When we’re discussing Machine Direction Orientation (MDO), we are describing machinery that heat and uniaxially stretch materials such as plastic film and sheet in the longitudinal (i.e. “machine”) direction over a series of rollers. The basic concept is relatively straight forward yet designing the right machine for the application is anything but simple. Over the next few articles I’m going to explain the key aspects of an MDO and how they relate to different applications. There are a lot of considerations that go into designing and building an MDO. I hope that you find these articles helpful in understanding the inner workings of these machines.

Let’s start at the molecular level. Orientation is defined as the straightening and alignment of polymer chains in plastic products like fiber, film, and sheet.The process of orienting plastics involves heating and stretching materials in a solid phase using specialized machinery to produce a less-random, more uniform arrangement of the polymer chains. The goal may be to increase material yield by down-gauging a film’s thickness while retaining or improving its physical properties. But, the process may also be used to attain a wide range of performance characteristics (mechanical, optical, shrink, barrier, porosity, etc.)that would not otherwise be possible.

So how exactly is this achieved? How do you down-gauge the film’s thickness while retaining or improving its properties?

An MDO can be used in line with a melt extrusion-casting process or offline as an independent roll-to-roll operation. In an MDO process, film is heated to the optimal stretching temperature via thermal conduction by direct contact with the surfaces of a series of heated rollers commonly referred to as pre-heat rollers. The optimal stretching temperature is typically just above the glass transition temperature or Vicat softening point of the material. Once the sheet has reached the proper temperature, it is subjected to a longitudinal stretching force imparted by a series of draw rollers running at increasing surface speeds. After the film is stretched, it may be annealed (stress relieved, heat set, etc.) in some fashion by maintaining or increasing the process temperature for some period of time, before its temperature is reduced via surface contact with a series of cooling rollers. An MDO is typically comprised of these three or four primary sections: preheating, stretching, annealing (optional), and cooling.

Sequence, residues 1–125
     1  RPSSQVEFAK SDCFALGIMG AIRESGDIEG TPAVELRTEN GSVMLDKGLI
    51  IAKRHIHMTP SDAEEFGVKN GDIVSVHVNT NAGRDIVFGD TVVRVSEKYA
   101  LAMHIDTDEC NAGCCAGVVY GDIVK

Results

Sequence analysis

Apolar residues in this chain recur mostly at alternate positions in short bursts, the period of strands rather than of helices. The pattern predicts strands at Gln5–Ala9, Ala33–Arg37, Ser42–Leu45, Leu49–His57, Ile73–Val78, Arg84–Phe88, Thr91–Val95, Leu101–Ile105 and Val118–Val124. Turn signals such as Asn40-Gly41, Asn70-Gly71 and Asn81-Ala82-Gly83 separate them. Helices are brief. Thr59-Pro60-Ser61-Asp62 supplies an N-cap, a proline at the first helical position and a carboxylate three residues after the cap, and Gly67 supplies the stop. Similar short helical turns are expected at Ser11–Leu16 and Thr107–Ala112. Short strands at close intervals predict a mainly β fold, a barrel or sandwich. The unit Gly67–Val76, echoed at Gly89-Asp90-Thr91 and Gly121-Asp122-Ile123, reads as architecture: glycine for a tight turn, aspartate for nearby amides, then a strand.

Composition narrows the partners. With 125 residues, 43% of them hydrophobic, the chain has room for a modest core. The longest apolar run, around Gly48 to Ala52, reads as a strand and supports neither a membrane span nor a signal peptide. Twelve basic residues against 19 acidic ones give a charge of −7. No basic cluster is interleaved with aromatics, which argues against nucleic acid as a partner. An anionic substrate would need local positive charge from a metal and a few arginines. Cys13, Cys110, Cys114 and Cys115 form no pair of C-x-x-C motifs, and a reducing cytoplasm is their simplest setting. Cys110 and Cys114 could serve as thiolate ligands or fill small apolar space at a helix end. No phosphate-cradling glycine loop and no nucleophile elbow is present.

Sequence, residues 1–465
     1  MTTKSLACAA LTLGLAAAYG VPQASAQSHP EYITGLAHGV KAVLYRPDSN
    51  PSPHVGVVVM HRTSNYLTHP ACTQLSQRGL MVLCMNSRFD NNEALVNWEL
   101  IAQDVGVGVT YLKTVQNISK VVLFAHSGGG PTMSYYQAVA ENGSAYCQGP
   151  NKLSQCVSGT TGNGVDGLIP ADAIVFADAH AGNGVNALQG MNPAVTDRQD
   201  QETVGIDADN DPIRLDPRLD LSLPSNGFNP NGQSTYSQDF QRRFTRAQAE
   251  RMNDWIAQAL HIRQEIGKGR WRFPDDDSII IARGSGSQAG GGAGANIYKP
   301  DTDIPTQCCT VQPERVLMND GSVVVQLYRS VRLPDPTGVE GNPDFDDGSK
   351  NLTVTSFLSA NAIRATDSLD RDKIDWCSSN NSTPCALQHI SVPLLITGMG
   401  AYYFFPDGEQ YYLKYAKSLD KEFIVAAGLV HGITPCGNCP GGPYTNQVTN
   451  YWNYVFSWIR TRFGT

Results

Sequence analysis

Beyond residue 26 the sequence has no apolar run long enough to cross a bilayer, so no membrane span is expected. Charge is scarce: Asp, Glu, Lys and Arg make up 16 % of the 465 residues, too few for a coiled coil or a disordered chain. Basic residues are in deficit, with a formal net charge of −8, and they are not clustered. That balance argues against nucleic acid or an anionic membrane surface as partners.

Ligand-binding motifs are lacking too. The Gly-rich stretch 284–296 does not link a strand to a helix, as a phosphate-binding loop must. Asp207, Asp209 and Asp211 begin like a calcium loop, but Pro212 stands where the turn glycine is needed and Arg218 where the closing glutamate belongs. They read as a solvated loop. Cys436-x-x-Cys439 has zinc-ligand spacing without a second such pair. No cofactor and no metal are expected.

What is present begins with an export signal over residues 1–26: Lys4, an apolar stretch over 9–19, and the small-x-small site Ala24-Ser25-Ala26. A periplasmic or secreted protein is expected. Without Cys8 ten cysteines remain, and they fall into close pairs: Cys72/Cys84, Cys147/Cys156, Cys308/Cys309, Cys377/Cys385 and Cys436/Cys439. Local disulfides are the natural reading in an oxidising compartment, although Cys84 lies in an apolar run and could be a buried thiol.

The first key aspect that you need to consider when thinking about an MDO is the heating medium you’re going to use in your application. There are four common types and I’ll quickly explain each one to give you a better idea of when it’s used.

  • Water: Using water or a water-glycol mixture as the circulating fluid in the heating system is relatively inexpensive since water is abundant and water heating systems are common and relatively simple. The primary downside, is that the maximum process temperature of a water system will be limited to just 275°F. This limits the range of polymers that can be processed and is not suitable in applications where higher temperature annealing is required. To achieve temperatures above 212°F the water system needs to be pressurized, which can create a safety concern if components fail. Water quality issues also must be considered and addressed to ensure that the service life of components is not compromised due to corrosion or scale.